When did this battle and the barring of Satan from heaven take place?
Some might assume that what we have here is a description of the fall of Satan and his demons which took place sometime before the fall of man. And I can understand why your mind would go in that direction. A quick read of the passage might conjure up thoughts of the original fall of Satan, but this cannot be the case, as we will see.
Others think that this battle has not happened yet, but will happen in the future immediately before the so called great tribulation. But it is an unbiblical system of doctrine and faulty methods of interpretation that produce this view, and not a careful consideration of this text.
The correct answer is that this battle and the barring of Satan from heaven took place when Christ rose from the dead, ascended to his heavenly throne, and was seated there. Christ’s victory on earth produced a victory in heaven.
Notice three things that prove that this is the proper interpretation:
First of all notice that verses 1-6 and 7-12 are tightly linked to each another. The first section concludes with the words, “her child was caught up to God and to his throne, and the woman fled into the wilderness, where she has a place prepared by God, in which she is to be nourished for 1,260 days”, and verse 7 begins with the words “now war arose in heaven”. It is clear that the victorious event described in 12:5 – namely the “ascension of Christ to his throne” – is the event which prompted the victory over Satan in the heavenly realm, which is described in 12:7-9.
Secondly, notice that the heavenly voice of verses 10-11 specifically says that the victory won in heaven is owed to Christ’s victory on earth. In verse 10 John says,
“And I heard a loud voice in heaven, saying, ‘Now the salvation and the power and the kingdom of our God and the authority of his Christ have come, for the accuser of our brothers has been thrown down, who accuses them day and night before our God. And they have conquered him by the blood of the Lamb and by the word of their testimony, for they loved not their lives even unto death” (Revelation 12:10–11, ESV).
When was salvation earned? It was earned at Christ’s first coming, through his life, death, burial, resurrection, and ascension.
And when did the kingdom of God arrive in power? It came in power at Christ’s first coming, through his life, death, burial, resurrection, and ascension. This is why John the Baptist prepared the way for the Christ by saying, “Repent, for the kingdom of heaven is at hand” (Matthew 3:2, ESV). And Jesus himself also said, “The time is fulfilled, and the kingdom of God is at hand; repent and believe in the gospel” (Mark 1:15, ESV). In Matthew 12:28 Jesus explicitly said that his ability to cast out demons by the Spirit was proof that “the kingdom of God [had] come upon [them]” (Matthew 12:28, ESV).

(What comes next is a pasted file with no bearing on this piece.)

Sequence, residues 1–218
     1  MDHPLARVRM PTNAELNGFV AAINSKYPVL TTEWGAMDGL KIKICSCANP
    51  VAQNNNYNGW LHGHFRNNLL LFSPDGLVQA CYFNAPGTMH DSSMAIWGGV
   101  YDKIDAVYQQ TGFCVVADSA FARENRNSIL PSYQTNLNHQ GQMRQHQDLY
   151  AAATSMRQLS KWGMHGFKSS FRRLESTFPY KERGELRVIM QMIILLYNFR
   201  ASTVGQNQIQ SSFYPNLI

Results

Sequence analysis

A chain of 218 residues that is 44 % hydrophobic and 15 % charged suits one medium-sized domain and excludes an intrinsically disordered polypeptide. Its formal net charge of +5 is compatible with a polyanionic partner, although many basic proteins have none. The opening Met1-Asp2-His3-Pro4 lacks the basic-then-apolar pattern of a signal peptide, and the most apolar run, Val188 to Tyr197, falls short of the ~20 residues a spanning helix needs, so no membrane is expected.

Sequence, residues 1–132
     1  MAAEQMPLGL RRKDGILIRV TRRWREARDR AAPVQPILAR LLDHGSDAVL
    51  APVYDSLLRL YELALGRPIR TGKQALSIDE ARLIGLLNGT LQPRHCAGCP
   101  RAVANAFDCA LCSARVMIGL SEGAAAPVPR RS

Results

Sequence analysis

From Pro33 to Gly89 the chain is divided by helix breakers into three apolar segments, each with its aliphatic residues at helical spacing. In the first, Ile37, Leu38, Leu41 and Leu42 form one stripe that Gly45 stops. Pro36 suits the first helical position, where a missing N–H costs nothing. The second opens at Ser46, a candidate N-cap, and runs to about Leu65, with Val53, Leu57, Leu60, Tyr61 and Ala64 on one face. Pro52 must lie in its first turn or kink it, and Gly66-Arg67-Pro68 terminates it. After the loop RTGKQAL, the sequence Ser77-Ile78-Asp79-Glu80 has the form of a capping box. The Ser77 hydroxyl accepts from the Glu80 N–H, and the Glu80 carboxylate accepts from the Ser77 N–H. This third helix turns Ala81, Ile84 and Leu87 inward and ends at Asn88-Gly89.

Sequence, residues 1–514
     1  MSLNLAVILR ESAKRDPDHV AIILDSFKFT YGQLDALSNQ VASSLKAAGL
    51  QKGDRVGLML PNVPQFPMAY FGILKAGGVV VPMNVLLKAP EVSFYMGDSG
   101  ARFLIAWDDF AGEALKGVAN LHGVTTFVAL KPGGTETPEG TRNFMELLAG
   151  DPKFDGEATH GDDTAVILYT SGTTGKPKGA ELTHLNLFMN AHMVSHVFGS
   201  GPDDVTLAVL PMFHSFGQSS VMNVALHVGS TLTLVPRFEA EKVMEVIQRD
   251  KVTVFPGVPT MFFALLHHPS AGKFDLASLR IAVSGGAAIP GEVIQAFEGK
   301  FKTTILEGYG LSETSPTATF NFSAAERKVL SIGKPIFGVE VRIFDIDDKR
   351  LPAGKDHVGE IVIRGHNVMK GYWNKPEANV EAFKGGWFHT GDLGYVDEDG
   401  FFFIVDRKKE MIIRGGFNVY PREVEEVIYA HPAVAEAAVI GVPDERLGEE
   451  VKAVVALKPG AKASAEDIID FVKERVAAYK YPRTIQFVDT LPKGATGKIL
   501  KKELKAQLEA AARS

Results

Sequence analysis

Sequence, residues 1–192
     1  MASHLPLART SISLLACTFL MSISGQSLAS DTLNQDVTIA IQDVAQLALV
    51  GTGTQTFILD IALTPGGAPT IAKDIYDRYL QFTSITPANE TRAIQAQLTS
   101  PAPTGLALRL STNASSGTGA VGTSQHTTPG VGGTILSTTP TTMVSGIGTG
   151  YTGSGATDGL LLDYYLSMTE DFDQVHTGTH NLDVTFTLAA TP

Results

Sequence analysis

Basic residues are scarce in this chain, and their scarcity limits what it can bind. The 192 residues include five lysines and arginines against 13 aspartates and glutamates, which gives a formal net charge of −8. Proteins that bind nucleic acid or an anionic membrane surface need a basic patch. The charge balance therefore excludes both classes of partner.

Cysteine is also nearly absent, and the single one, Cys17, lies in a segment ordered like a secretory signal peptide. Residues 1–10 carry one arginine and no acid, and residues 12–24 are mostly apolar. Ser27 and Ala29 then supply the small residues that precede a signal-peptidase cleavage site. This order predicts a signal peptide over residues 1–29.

And when was Christ given all authority? He was given all authority at his first coming through his life, death, burial, resurrection, and ascension. You remember the great commission, don’t you? Christ commissioned his disciples, saying, “All authority in heaven and on earth has been given to me. Go therefore and make disciples of all nations…” (Matthew 28:18–19a, ESV).
The voice that John heard in heaven connected the salvation earned by Christ, the arrival of God’s kingdom in power, and the authority given to Christ with, “the accuser” being throne down.
Thirdly, we should also pay attention to what the rest of scripture has to say about this subject.
You would do well to notice that prior to the resurrection of Christ Satan did indeed have the ability to stand before God and to accuse the people of God.
I read from Job 1 at the beginning of the sermon to demonstrate this. Job 1:6: “Now there was a day when the sons of God came to present themselves before the Lord, and Satan also came among them” (Job 1:6, ESV). Where did he come from? He came “from going to and fro on the earth, and from walking up and down on it” (Job 1:7, ESV). And what did Satan do once he stood before God? He accused Job, saying, “Does Job fear God for no reason? Have you not put a hedge around him and his house and all that he has, on every side? You have blessed the work of his hands, and his possessions have increased in the land. But stretch out your hand and touch all that he has, and he will curse you to your face” (Job 1:9–11, ESV). Satan is the accuser of the brethren.